12. - One who knows - Friday, Dec 2, 16 @ 1:21 pm:

    Downstate Illinois and anonymous: you are wrong. Once people fully understand the bill they are going to be surprised. Energy politics in Illinois have been changed. Call it strange bedfellows if you’d like, but the enviro/consumer alliance with exelon and comed produced the best climate Bill in the states history and it will lower bills too.

  13. - walker - Friday, Dec 2, 16 @ 3:40 pm:

    One Who Knows: I sure hope you’re correct.

    Unfortunately I have watched too many Exelon/energy co state bailouts that never produced the promised results in either efficiency or “green energy” benefits. I hope you didn’t get taken once again.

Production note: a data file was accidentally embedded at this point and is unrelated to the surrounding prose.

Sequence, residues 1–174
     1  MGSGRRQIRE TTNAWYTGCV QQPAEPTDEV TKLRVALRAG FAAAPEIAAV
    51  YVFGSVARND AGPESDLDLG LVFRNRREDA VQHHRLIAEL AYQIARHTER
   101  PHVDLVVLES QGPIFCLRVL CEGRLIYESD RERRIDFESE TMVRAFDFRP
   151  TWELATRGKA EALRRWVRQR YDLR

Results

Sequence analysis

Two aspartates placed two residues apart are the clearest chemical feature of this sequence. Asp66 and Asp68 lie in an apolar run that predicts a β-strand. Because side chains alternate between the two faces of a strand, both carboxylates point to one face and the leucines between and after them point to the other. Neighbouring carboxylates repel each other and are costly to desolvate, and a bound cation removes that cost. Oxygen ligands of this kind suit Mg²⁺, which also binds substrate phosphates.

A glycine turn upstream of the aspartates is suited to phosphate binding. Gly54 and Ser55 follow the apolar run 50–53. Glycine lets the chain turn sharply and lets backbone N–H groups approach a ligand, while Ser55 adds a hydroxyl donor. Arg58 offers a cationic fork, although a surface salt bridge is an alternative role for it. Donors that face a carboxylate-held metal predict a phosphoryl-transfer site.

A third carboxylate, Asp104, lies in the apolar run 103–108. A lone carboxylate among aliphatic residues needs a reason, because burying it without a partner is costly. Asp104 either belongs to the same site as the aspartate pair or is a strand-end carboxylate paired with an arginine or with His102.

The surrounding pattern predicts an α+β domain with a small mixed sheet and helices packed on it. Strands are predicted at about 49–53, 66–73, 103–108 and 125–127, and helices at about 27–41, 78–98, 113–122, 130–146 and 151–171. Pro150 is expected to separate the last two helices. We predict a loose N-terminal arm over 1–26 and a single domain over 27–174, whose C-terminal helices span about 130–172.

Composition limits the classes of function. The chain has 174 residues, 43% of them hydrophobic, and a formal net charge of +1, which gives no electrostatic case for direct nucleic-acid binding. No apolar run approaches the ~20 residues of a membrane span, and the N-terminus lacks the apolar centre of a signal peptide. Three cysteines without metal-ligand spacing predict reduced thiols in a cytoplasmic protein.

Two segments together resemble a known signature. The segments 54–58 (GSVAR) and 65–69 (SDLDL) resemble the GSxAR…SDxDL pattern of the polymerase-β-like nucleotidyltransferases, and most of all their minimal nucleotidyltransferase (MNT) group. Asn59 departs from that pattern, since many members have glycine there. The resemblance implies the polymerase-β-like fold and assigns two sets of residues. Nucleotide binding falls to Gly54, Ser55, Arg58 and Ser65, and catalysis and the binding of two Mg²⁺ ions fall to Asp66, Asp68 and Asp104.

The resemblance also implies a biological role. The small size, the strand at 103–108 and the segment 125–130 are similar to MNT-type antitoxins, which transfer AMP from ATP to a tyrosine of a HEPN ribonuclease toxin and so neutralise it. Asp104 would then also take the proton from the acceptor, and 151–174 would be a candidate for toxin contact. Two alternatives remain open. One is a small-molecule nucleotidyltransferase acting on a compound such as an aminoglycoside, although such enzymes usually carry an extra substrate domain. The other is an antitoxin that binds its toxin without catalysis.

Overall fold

14. - LessAnon? - Friday, Dec 2, 16 @ 4:13 pm:

    This is a little puzzling politically, unless the Governor doesn’t think he needs all those southern IL coal counties he won in 2014. A move further along the “clean energy” track could further pound the nails into the coffin of Illinois coal and one of the state’s largest natural resources.

  15. - JayAlt - Wednesday, Dec 14, 16 @ 1:27 pm:

    Dupage. There are articles like that every month in various media. The technologies rarely pass the cost test. e.g. Germany has installed several electrolysis stations that turn water into hydrogen & O2 with excess wind energy. They then put a small amount of H2 into their natural gas pipeline. It works, but it is far from economical right now.

Sorry, comments for this post are now closed.